Sunday, October 9, 2011

Vegetarian Protein...

Ok, I know we're supposed to be eating better than my last few posts, so... here's some information you may or may not have known from "The Veggie Table".

There is a popular misconception that meat is the only real source of protein, and thus that a vegetarian diet is inherently unhealthy due to a lack of protein. It is impossible to overstress how untrue this is.

First of all, the Recommended Daily Allowance of protein is not as high as one might think, and many people - vegetarian or not - eat more protein than their bodies actually need. The approximate RDA of protein is only 47 grams for women and 54 grams for men.

Secondly, there are many sources of vegetarian protein. The only problem is that most* vegetable sources of protein are incomplete, so you need to eat a combination of foods to get the complete protein.

Vegan sources of protein

  • Amaranth*
  • Cereals and grains - buckwheat*, rye, corn, rice, pasta...
  • Leafy green vegetables, including spinach
  • Legumes - beans, lentils, peas, peanuts
  • Nutritional yeast*
  • Nuts - almonds, walnuts, cashews...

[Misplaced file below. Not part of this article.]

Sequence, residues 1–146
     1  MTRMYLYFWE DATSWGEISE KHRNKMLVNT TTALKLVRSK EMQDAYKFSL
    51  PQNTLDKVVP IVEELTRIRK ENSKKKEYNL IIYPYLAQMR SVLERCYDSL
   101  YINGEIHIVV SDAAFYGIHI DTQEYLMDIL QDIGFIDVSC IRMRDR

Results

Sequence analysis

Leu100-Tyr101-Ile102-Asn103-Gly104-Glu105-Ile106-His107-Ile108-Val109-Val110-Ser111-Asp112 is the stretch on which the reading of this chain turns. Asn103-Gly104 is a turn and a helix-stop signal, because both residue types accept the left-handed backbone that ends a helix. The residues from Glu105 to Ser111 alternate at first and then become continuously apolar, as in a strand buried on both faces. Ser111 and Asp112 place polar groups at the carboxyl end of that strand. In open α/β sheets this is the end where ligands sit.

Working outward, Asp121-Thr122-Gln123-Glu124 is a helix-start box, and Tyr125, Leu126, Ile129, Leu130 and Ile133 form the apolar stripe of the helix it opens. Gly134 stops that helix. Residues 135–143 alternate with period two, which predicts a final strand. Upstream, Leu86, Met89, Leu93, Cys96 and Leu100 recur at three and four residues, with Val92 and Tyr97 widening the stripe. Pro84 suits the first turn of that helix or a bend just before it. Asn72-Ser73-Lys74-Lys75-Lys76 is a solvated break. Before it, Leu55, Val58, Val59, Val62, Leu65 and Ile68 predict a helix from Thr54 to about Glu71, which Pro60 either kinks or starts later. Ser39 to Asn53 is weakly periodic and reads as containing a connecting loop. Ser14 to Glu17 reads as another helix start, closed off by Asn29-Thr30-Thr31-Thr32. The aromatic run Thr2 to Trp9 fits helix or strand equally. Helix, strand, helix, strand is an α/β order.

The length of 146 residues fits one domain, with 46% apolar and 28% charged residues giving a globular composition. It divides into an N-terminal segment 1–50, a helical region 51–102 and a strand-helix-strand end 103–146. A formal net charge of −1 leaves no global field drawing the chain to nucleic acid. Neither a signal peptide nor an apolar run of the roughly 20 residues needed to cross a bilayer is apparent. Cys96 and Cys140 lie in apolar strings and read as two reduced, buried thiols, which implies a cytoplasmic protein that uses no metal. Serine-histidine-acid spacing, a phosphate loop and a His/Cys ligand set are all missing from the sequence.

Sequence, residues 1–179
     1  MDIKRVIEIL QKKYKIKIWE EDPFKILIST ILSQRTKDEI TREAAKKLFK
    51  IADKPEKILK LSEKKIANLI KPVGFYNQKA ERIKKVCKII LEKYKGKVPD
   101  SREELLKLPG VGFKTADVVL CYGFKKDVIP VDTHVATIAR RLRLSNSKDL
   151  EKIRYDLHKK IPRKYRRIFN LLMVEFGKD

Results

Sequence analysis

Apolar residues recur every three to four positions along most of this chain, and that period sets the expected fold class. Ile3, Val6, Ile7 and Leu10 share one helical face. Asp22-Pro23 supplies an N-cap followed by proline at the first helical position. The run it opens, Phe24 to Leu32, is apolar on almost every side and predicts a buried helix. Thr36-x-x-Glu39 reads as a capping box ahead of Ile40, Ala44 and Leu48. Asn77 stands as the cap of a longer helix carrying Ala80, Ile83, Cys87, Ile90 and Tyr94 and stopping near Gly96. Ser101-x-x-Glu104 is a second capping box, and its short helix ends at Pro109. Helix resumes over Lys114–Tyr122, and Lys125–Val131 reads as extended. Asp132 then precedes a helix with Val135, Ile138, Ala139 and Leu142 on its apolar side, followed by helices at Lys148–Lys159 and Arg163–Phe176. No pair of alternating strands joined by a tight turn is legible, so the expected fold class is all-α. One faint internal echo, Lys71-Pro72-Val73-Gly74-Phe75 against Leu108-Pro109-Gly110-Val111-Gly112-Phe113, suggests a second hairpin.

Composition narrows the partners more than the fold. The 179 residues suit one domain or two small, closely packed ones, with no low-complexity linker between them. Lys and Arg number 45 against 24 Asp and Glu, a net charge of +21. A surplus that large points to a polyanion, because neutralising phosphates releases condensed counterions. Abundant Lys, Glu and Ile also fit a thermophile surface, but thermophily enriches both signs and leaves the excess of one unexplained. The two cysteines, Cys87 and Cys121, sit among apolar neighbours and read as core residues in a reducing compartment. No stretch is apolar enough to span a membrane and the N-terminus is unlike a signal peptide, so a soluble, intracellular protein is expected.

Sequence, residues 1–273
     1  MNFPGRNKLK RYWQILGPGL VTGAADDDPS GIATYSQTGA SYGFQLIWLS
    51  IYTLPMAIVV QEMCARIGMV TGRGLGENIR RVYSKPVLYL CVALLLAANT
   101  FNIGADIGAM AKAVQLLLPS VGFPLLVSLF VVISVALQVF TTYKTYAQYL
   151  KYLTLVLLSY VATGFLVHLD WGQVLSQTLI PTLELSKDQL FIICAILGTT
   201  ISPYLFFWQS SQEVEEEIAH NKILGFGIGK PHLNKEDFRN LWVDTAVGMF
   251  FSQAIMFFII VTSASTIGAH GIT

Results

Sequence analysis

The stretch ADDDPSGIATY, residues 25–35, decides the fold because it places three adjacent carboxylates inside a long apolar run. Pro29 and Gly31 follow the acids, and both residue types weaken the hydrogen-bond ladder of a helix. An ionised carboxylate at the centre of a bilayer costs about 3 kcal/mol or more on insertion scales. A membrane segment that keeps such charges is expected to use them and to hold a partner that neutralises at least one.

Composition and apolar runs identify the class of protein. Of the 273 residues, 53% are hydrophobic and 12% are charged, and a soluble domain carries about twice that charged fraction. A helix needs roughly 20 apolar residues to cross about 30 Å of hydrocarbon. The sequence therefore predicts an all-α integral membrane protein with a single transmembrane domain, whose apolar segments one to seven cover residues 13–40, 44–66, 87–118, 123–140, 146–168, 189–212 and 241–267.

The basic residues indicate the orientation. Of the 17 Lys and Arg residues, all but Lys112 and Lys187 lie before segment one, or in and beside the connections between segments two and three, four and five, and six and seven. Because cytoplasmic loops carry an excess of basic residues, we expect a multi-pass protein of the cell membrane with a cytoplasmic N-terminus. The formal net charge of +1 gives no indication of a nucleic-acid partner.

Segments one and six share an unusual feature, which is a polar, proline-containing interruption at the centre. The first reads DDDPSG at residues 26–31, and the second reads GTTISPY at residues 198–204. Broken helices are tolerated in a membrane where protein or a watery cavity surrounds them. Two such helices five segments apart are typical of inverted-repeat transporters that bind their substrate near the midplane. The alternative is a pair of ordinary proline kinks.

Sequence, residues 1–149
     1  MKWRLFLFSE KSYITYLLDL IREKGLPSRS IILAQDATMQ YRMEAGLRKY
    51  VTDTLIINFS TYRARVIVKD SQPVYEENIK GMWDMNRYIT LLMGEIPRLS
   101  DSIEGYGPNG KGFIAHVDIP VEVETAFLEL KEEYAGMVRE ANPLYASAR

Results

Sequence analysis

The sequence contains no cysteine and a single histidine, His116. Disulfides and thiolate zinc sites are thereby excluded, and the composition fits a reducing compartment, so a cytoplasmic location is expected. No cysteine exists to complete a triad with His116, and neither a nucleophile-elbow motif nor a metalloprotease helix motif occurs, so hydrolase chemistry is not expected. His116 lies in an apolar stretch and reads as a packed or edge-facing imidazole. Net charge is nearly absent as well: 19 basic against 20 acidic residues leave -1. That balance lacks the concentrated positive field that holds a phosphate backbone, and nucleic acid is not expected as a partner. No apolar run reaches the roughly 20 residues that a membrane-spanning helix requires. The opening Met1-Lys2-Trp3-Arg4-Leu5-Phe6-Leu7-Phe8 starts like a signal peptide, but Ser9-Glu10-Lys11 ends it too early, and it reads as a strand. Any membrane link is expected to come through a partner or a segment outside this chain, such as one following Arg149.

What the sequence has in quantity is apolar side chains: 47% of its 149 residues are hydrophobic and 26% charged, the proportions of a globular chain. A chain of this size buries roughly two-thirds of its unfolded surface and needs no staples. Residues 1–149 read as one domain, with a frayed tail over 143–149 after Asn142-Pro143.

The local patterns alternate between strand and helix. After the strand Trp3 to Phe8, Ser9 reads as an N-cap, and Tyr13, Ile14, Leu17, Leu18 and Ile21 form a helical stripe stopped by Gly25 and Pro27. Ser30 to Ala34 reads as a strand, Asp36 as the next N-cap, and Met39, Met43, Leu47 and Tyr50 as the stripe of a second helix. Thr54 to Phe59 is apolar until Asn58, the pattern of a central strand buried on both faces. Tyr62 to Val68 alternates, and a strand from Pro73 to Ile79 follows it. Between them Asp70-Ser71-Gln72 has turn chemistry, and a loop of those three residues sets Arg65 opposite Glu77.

• Quinoa*
  • Seaweed - spirulina*, kelp ...
  • Seeds - hemp*, sesame, sunflower...
  • Soy* products - tofu, tempeh, soy milk...
  • Vegetables - Brussel sprouts, potatoes, yuca

Ovo-lacto sources of protein

* indicates a complete protein

As long as vegetarians (and everyone else, for that matter) eat a wide variety of foods, they will easily manage to eat enough protein - not to mention other nutrients.

If you want to be absolutely certain that you are getting enough protein, you should eat food combinations which form a complete protein, such as:

  • Legumes + seeds
  • Legumes + nuts
  • Legumes + grains

Chances are you already eat complete proteins without even trying. Here are some tasty and healthy complete protein combinations:

Note that these combinations don't necessarily have to be eaten at the same time; you can eat one several hours after the other and still benefit from the complete protein.

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